16 January 2010

The Swimming Head

We've had seven days of class since returning from break.  My class has finished two chapters in that time.  We learned three new tenses: l'imparfait, le futur simple, and le subjunctif.  Okay, so I use the word "learned" very loosely . . . we've been introduced to these tenses, have been tested on the first, and will take the test for the other two on Tuesday . . . so I'm spending the rest of today and tomorrow trying to absorb these concepts into my brain. 

I feel like my brain is back to that state of overload that I experienced in September . . . okay, not as bad as September, maybe October.  Yeah, like October.  I met with my language helper, C-L on Wednesday night.  As she came in we had a little dialogue comme ça:

C-L:  Bon soir, Déborah, ça va? (Good evening Deborah, how's it going?)
Deb.: Bon soir, oui, ça va . . . mais, ma tête nage! (Yeah, it's going . . . but my head is swimming!)
C-L:  Désolée??  (I'm sorry????)
Deb.: Ma tête, elle nage! (My head, it's swimming!!)
C-L:  Quoi? (What??)
Deb.: Ma tête nage . . . j'ai beaucoup de nouvelles choses là et je ne peux pas penser maintenant!  (My head is swimming . . . I have so many new things in there I can't think right now!)
C-L:  OH!  OUI!  Je comprends . . . mais, en français, la tête ne nage pas.  C'est bizarre!  Comment la tête nage sans tout le corps?  Non.  Tu ne dit pas ça.  Non. C'est tort.  (Oh, okay.  Yeah, I get it . . . but in French the head doesn't swim.  That's bizare!  How can the head swim without the rest of the body?  No, you don't say that.  It's wrong.)

She has a daughter who studies in the UK and said she'd ask her if there is a reciprocal phrase in French.  Haven't heard anything back yet, but I asked one of my prof's.  When I explained the phrase he said the French say J'ai la tête qui tourne (I have the head that turns). 

I've learned a few other French expressions this week too:
Quand les poules auront les dents.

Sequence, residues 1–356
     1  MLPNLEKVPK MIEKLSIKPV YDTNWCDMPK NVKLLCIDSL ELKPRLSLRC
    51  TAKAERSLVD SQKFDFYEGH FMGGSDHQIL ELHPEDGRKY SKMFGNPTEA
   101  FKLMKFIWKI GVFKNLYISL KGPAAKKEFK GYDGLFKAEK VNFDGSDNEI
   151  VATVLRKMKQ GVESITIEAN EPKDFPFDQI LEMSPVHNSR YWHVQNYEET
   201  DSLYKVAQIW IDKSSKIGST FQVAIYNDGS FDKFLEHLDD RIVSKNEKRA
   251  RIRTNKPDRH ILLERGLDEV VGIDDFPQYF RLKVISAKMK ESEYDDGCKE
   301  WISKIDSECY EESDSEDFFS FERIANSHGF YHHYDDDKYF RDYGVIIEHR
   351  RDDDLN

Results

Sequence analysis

Translation: When the chickens have teeth.  Utilization: similar to When pigs fly in English.  Never going to happen.

À la Saint-Glinglin. 
Translation: On Saint Glinglin.  Utilization: In France, every day of the calendar year is named after a Saint (for example, today, 16 Janvier, is the day of Saint Marceau and Saint Priscilia).  Some of the more famous fêtes du jour are really well known and observed.  But there's no such person as Saint Glinglin.  So when someone says "Yeah, we'll do that à la saint-glinglin" it means "Yeah, that'll never happen!"

Tout les trente-six du mois.
Translation: All the 36's of the month. Utilization: There is no 36th day of any month.  So basically saying there's a very slim chance of something happening.

Je connais la musique.
Translation: I know the music.  Utilization: When someone gives excuses for the same thing over and over again the response is Je connais la musique.  Kind of like "Yeah, yeah, I've heard it before."


Hilary said...

Thanks for the new expressions! I hadn't heard any of those yet, but I'm sure they'll come in handy. And don't worry, the subjunctive will sink in...eventually.

David said...

Saraly taught us one the other day when DeAnna said it was raining cats and dogs - Il pleuvra comme vache qui pisse. (Translation - It's raining cow pee)